Mentors engage with individuals, developing rapport to build confidence, be a listening ear, discuss options and encourage engagement; offering additional capacity to offender managers and help to support targeted interventions, resettlement, community integration and citizenship.
A few examples of the kind of activities Mentors might help with include:
- Assisting with completion of forms for things such as accommodation, benefits or job applications
- Encouraging self-help, development of self esteem and a pro-social lifestyle
- Supporting service users in attending appointments, this may include showing them how to get to somewhere, going there with them or providing advocacy support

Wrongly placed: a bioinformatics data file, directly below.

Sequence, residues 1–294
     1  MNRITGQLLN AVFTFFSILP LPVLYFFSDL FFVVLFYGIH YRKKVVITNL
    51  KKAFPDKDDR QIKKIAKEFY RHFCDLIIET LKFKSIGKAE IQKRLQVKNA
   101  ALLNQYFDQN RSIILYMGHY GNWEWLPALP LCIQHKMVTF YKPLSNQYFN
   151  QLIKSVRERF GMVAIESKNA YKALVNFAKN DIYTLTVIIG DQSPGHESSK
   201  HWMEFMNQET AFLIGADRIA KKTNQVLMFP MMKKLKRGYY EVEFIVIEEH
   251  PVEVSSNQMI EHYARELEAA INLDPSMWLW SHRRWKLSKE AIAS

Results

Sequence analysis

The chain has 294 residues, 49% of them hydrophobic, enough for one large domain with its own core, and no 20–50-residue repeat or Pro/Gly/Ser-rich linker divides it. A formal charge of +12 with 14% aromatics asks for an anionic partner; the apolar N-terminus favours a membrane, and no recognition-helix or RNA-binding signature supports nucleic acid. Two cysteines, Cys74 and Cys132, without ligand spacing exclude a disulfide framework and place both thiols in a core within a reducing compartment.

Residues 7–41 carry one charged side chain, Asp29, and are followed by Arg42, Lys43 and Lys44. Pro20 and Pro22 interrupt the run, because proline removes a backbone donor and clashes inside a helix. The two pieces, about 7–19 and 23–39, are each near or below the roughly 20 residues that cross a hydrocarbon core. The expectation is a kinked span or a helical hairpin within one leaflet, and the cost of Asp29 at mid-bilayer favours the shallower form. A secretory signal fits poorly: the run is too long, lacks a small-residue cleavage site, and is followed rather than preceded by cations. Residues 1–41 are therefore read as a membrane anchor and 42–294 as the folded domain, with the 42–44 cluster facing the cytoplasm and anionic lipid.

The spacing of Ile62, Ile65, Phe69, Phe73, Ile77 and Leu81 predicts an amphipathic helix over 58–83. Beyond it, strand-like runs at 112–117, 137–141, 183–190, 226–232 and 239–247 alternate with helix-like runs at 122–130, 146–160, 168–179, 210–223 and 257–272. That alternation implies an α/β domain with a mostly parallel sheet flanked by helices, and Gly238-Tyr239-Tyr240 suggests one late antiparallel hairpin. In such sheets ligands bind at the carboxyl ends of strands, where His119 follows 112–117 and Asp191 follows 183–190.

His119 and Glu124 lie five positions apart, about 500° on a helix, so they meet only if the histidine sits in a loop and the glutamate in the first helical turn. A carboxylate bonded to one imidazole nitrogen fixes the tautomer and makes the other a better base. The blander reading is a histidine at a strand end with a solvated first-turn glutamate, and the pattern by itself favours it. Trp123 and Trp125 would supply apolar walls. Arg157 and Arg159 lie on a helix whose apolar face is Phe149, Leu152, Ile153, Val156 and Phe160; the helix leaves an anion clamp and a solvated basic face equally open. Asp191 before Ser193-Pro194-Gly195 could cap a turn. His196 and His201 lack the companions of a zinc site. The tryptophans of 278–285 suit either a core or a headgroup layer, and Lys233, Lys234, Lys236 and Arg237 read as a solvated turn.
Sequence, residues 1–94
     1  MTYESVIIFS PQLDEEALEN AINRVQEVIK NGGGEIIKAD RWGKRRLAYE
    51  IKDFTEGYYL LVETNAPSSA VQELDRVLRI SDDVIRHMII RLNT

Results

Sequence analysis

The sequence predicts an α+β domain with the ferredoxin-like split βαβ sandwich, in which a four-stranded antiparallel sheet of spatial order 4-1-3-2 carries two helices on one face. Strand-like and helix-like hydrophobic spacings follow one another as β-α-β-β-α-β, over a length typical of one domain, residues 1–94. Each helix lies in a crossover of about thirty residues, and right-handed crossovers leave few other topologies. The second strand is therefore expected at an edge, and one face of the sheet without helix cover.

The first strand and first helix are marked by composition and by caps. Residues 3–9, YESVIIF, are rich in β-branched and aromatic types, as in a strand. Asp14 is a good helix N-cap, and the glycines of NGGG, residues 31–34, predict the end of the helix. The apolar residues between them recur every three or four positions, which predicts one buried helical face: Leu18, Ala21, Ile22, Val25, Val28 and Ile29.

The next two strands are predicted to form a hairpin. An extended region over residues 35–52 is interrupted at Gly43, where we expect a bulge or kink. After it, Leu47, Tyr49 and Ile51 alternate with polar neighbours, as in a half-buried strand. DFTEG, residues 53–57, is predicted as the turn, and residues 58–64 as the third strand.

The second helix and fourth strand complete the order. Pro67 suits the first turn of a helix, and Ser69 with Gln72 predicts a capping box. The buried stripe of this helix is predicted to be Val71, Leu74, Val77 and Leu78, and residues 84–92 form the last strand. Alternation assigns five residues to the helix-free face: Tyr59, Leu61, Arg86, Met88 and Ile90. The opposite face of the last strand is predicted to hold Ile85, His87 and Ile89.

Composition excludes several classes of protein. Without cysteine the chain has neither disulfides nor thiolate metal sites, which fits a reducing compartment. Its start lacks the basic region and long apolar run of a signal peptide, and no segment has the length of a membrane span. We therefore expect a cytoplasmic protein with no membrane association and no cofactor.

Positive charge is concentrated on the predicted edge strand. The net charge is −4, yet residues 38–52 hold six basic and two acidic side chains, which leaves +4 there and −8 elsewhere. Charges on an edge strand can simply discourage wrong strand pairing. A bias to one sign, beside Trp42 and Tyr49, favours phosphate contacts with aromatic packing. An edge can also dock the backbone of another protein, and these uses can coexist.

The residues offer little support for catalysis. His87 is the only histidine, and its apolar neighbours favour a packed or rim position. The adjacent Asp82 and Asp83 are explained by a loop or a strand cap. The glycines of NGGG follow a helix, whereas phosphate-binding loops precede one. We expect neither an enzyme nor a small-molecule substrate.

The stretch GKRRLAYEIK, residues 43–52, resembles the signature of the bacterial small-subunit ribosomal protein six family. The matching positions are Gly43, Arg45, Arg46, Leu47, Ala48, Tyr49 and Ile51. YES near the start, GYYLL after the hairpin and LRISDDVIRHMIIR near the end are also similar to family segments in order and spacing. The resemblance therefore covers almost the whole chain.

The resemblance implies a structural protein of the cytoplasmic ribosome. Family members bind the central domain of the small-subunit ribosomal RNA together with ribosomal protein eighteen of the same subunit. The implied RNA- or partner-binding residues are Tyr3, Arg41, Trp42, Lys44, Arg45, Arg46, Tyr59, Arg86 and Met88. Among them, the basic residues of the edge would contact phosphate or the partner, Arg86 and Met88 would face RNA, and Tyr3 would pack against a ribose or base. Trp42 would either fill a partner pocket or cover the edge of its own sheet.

- Coaching basic skills such as using public transport or making phone calls, for example to establish information about local resources or to help a service user manage their utilities
- Assisting with “homework” or skills practice between Probation appointments
- Supporting service users with the transition from prison to community
The role will involve lone working in meeting with service users in public places, hence you will need to be responsible for maintaining appropriate boundaries and avoid being drawn into dependency relationships.
Expenses will be reimbursed.
You must be over 21